On-screen design is finally coming of age, thanks to ongoing developments in digital broadcasting technology. Opportunities are opening up for designers to adopt creative visual and brand elements, in areas such as on-screen guides and interactive services, in a way that has so far been prohibited by technological restraints.
The days of the clunky graphics of Ceefax and Oracle are fast receding, as electronic programme guides and interactive portals employ richer visuals and easily navigable systems. Advances in the economy of bandwidth – the space given to the transfer of audio-visual data – are helping previously text-based systems to come alive with full-motion video, branding and coherent style palettes.
In this vein, BSkyB is poised to unveil a substantially overhauled interactive service, Sky Active (see News, page 4). Led by Sky Interactive operations and design director Gerry O’Sullivan, a 40-strong design and development team has put together what is currently the most advanced interactive TV system in the world. Last month it announced a partnership with D&AD to promote high standards of creative achievement in interactive television.
‘We are designing for usability and for TV, where the expectation is so high,’ says O’Sullivan. ‘Viewers expect high quality broadcast graphics [in interactive elements] because that’s what they see everywhere else on the TV.’
O’Sullivan acknowledges that the current Sky Active zone, like all interactive systems, has a very electronic look, relying primarily on text menus and lists. ‘We wanted to achieve the personality and engagement that you get with broadcast, but for it to load quickly,’ he says.
Speed is very much the Holy Grail here. According to Christian Ruland, interactive design creative director at BBC Broadcast, the restrictions on what is possible creatively are imposed by the cost of the bandwidth needed to deliver content to viewers’ homes.
‘With current technology, in theory almost anything is possible, but the restriction is bandwidth, as people don’t want to wait for lots of graphics to load. It depends how much a channel wants to spend on its interactive elements; it comes down to a business model really,’ says Ruland.
But it is not simply about being pretty. Achieving clear and consistent navigation through on-screen areas is a key challenge for designers of interactive systems. The forthcoming Sky Active system, for example, ensures that a global navigation pop-up menu is available from anywhere in the portal.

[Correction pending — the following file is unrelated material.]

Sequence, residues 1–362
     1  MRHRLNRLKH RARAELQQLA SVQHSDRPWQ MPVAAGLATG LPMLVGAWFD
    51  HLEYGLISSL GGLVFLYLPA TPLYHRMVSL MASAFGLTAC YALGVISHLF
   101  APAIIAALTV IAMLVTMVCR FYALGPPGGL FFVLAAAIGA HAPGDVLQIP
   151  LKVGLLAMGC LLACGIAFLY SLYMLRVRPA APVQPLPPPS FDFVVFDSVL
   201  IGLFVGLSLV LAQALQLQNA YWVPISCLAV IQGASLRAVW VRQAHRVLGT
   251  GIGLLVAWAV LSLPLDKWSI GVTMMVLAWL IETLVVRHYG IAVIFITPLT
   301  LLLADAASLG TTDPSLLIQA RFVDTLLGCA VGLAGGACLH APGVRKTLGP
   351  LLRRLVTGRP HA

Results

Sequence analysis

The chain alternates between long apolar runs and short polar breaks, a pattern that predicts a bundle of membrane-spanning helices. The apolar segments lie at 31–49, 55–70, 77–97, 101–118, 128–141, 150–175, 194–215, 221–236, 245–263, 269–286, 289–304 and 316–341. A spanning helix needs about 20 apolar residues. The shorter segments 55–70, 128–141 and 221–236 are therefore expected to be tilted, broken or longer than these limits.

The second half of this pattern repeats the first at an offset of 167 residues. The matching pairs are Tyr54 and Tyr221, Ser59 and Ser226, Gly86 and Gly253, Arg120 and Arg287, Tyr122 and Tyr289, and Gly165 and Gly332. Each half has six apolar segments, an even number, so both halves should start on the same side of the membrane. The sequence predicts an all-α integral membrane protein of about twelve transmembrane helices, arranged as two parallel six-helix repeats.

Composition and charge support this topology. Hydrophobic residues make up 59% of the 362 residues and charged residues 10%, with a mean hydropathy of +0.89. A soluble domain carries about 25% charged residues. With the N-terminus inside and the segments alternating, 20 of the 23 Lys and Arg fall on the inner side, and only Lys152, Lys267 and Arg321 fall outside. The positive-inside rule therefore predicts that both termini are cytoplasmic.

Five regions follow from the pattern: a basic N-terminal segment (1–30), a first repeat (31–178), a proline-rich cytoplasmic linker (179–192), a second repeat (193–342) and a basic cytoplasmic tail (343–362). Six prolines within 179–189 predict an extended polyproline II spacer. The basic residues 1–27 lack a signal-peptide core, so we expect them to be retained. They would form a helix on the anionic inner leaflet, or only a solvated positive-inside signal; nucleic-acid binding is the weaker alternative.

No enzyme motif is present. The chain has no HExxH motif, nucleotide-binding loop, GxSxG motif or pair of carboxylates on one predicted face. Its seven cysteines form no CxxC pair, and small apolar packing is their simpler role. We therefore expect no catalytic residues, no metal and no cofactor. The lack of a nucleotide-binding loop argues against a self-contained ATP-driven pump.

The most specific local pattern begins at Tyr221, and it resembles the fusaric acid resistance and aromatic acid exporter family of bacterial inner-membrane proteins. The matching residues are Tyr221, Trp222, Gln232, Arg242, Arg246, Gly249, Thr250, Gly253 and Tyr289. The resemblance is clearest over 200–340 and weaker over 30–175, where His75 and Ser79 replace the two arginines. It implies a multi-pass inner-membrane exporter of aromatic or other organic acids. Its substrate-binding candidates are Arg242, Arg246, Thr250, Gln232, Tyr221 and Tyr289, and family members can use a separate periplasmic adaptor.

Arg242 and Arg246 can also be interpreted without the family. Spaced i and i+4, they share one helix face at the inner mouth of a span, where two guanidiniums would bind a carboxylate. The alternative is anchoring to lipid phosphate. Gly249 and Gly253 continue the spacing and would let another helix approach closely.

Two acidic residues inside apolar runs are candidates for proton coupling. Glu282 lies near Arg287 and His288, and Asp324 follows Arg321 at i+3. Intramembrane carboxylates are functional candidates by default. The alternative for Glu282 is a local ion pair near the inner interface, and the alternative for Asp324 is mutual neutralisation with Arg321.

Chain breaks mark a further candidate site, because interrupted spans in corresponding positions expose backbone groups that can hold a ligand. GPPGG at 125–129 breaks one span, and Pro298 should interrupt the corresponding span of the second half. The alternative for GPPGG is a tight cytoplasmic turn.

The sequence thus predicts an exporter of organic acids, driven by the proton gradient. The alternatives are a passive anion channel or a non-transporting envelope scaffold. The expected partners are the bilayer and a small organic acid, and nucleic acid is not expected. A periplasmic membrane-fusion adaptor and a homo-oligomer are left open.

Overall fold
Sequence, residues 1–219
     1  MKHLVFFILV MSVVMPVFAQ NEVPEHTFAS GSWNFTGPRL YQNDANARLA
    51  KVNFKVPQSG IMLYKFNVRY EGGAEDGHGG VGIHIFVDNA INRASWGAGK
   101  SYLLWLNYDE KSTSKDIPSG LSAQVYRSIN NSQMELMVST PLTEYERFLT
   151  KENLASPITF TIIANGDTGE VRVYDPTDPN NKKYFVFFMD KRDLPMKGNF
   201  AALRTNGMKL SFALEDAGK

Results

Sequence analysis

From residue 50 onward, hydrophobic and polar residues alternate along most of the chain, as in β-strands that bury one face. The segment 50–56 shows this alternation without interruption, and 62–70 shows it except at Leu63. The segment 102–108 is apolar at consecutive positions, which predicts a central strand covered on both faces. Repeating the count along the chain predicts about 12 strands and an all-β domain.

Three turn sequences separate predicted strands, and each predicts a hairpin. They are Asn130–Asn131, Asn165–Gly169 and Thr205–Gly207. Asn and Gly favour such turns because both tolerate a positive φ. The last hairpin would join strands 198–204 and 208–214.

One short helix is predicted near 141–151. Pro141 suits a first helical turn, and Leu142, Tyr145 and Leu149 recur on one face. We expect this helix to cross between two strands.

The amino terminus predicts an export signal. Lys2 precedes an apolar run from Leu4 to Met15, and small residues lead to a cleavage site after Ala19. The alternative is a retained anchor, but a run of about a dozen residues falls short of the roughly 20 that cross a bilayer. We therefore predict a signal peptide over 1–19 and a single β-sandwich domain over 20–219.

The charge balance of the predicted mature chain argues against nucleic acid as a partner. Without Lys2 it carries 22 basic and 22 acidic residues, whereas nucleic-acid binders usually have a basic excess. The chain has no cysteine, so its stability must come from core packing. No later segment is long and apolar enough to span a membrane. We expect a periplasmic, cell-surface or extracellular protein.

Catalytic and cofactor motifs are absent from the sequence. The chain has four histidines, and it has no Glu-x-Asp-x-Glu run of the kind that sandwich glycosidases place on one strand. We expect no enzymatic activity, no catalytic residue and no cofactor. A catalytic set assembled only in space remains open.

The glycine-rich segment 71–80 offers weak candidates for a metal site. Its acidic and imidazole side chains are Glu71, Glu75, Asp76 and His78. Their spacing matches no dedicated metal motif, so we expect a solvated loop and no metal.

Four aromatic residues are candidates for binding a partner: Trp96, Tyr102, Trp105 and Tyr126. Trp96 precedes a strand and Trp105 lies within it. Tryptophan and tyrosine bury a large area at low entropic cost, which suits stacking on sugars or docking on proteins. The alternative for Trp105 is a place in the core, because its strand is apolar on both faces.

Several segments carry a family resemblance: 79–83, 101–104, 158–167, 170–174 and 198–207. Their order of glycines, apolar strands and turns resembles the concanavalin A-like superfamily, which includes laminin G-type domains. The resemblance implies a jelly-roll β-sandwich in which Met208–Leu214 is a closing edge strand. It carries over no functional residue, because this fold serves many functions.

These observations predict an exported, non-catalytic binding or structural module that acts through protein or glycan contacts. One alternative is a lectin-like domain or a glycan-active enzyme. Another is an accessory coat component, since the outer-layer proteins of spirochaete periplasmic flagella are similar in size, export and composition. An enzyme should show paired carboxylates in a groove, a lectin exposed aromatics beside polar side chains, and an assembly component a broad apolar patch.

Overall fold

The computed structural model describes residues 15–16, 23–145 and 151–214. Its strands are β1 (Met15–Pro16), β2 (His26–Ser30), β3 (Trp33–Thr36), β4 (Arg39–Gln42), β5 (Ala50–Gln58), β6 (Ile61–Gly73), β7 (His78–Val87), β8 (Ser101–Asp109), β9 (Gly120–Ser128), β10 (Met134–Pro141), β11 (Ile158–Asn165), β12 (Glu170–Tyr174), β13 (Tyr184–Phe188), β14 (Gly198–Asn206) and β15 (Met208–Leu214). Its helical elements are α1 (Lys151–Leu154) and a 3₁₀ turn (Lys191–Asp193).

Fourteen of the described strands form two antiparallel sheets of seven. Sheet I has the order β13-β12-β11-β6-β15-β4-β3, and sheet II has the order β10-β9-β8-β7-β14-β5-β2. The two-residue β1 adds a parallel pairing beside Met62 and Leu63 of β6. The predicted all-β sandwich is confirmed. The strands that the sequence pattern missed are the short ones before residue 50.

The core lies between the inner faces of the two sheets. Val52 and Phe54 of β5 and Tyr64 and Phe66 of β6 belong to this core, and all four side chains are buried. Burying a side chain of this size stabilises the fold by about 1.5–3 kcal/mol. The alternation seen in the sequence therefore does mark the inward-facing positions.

Marco Giusti, creative director at broadband and on-demand TV service HomeChoice, is also acutely aware that a badly structured navigation system can affect the user’s experience. ‘It is very important that the viewing is not interrupted – no matter how many buttons are pressed – until a final decision is made,’ explains Giusti. In this way, all the HomeChoice menus may be navigated, but the current channel will be shown on-screen until a command is given to change sections.
HomeChoice has also introduced an extra level of interaction between hardware and on-screen elements. When using a specially designed remote control for children, dubbed the minimote (DW 16 September), the HomeChoice set-top box automatically filters out all non-children’s channels.
According to Marcus Jones, partner at screen specialist Dunning Eley Jones, the current trend in navigation is towards a pared- down system that relies on the four arrow buttons and an ‘enter’ button, common features on most remote controls.
‘It’s about recognising intuitive behaviour. A lot of elements have been developed from research into the use of other media, particularly mobile phones,’ he says. ‘It’s all very well designing things that look great, but it falls at the first hurdle if you give it to someone else and they can’t use it.’
Bruce Chaney, head of service excellence at Telewest Broadband, thinks simplicity is paramount. ‘Telewest strives to achieve a simple, fast and stable interactive TV experience. We do not compartmentalise any of the interactions such as changing channel. Instead, we endeavour to apply the same concepts to all, to create a seamless environment.’
Designers of on-screen guides and portals must also deal with issues of branding. For example, should each channel brand be allowed its own style in a given area, or should it merely use a ‘rubber stamp’ of its logo? To maintain a coherent visual palette, can individual channel brands sit harmoniously alongside the ‘parent’ branding of the guide?
‘We considered which areas should follow HomeChoice branding and which should display the original brands,’ says Giusti. Many areas of the HomeChoice system adopt a co-branding strategy, where the channel logos are displayed within a HomeChoice-style EPG.
The new Sky Active system feels like a cross between a magazine, the Internet and TV. A central portal area incorporates a 16-square mosaic of individual ‘broadcast’ channels. Thanks to reductions on data size at the broadcast and development stages, all 16 ‘screens’ consume the bandwidth of less than one channel, according to O’Sullivan.
This ability to deliver richer content across the same bandwidth is unlocking a range of possibilities for designers. ‘Interactivity has so far been pretty unsophisticated. The audience, which has been experiencing full branding on television, has not been seeing it in interactive services.
‘Now we have to let our design team loose. The styling is televisual – forget the set-top box restrictions and the flat blue background,’ concludes O’Sullivan.